Here I should point out that the Indian and Australian Road Assessment Programs, or IndiaRAP and AusRAP, are based on the European model. These systems provide a simple but effective approach to designing safe roads, and calculating the associated economic benefits. In short, these systems help in delivering world class infrastructure which saves lives and leverages significant productivity gains, and economic outcomes.

The work of AusRAP, IndiaRAP, supported by VicRoads is one of the many examples of the longstanding partnership between Australia and India in road safety. It's also worth noting the joint efforts of the Australian and Indian Automobile Associations, and the joint venture between Australia's ARRB group and India's Road Survey and Management. IRSM provides the low cost coding for AusRAP's star rating. ARRB provides training expertise, high value survey vehicles, and technology for video assessments of roads in India. VicRoads International is providing advice on how to upgrade the safety road infrastructure based on our recommendations in seven Indian states. This is an area where Australian companies can offer expertise in collaboration with the Indian Government.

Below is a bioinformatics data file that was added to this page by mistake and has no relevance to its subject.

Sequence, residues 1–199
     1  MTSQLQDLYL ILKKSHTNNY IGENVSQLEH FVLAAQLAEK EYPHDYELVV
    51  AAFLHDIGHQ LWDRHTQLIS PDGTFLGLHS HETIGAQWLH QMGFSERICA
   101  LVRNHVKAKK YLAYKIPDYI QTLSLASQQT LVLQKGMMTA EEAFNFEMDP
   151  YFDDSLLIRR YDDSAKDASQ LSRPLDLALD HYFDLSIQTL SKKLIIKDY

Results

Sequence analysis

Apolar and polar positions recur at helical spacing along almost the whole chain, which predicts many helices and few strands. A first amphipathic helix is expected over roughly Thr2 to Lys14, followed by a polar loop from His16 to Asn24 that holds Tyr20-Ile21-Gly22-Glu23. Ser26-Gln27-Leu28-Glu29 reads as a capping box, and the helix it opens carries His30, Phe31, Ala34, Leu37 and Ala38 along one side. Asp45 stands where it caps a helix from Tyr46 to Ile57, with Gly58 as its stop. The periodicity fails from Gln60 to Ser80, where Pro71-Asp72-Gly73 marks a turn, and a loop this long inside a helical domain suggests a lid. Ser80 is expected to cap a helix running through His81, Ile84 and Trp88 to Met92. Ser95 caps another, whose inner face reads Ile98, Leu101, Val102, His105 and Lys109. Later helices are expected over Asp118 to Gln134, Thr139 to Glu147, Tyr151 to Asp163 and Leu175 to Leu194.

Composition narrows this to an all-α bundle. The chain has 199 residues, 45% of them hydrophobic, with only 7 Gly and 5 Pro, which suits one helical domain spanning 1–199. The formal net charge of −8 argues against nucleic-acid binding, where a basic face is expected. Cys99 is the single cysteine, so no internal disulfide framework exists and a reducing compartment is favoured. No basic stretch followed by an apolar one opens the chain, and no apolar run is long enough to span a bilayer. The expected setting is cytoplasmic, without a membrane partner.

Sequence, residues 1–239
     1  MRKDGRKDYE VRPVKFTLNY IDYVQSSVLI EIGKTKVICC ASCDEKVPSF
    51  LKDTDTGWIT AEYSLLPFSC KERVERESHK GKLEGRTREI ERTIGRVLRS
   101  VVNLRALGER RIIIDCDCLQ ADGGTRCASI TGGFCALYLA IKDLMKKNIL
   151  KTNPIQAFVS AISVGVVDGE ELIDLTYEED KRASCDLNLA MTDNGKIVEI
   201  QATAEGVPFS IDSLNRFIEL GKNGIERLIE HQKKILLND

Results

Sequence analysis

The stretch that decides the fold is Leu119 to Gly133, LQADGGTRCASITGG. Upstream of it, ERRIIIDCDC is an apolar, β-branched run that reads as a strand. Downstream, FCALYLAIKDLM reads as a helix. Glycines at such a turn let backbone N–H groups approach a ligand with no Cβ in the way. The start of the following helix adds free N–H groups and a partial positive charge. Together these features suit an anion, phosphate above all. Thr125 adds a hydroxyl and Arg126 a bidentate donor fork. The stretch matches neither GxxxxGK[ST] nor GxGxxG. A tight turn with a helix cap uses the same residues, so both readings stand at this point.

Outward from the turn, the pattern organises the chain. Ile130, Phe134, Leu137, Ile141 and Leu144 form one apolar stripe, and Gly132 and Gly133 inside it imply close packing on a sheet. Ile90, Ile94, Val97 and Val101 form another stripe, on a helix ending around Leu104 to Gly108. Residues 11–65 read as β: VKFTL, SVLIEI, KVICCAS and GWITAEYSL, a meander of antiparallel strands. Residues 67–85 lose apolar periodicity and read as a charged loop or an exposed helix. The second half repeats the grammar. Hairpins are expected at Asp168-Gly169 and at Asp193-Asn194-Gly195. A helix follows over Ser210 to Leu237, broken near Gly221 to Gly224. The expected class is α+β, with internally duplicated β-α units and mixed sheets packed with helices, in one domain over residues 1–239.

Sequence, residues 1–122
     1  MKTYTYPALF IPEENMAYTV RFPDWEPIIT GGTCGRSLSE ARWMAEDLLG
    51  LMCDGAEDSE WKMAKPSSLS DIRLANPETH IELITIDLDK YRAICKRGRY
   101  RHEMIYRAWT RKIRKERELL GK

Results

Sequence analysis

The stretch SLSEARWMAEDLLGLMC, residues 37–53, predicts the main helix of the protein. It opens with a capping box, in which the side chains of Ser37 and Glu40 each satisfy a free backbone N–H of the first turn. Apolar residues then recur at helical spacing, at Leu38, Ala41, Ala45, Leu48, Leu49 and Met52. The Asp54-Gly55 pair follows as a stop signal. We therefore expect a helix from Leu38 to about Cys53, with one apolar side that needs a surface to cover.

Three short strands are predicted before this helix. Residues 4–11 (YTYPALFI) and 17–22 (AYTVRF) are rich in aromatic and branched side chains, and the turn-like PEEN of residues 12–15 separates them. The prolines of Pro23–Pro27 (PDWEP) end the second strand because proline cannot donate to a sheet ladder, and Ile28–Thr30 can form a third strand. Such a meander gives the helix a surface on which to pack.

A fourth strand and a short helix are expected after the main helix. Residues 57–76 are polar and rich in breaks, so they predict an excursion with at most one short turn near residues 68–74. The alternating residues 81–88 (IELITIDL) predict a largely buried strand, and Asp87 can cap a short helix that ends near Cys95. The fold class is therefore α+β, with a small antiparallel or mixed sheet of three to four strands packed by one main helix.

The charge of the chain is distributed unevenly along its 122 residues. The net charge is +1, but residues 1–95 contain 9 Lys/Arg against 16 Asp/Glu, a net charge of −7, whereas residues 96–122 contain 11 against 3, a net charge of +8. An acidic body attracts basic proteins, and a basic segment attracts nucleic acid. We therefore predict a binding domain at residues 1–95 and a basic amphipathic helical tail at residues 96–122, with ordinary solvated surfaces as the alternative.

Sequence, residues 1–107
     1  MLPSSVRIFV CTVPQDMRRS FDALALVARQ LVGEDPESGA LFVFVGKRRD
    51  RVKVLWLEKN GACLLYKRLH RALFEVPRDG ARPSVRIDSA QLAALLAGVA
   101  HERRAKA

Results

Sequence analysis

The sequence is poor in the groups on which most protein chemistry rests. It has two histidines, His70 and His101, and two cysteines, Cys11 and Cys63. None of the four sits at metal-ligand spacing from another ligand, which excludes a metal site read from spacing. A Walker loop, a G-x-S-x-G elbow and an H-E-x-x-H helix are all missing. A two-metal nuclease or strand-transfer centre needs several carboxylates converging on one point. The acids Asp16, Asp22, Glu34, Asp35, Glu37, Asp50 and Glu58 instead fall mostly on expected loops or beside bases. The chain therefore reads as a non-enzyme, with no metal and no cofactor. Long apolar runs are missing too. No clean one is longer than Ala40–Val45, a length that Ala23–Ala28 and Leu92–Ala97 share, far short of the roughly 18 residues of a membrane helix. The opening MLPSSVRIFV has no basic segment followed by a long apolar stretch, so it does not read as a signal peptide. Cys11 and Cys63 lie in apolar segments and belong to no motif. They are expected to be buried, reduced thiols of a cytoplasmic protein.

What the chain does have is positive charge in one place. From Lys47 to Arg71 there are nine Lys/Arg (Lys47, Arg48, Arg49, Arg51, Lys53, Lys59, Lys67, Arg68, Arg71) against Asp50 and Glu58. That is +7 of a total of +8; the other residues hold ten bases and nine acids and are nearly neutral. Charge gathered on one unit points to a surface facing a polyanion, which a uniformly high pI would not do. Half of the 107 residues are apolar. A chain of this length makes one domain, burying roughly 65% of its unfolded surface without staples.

Advances in vehicle technology will also play a vital role in reducing road trauma in both our countries. Global vehicle technologies are on the edge of major changes which will reduce the road toll exponentially. For instance, the introduction of autonomous emergency braking systems in Australia is expected to save over 1,200 lives, and prevent 54,000 injuries by 2033. Indian and Australian R&D can make an enormous difference in improving vehicle safety outcomes for people. For instance in Australia an organisation partly funded by the Federal Government, ANCAP, provides testing and a range of systems, allowing consumers to make informed decisions about the safety outcome for of vehicles. While this progress is being driven by industry the Government will have a key role in promoting this technology across the world.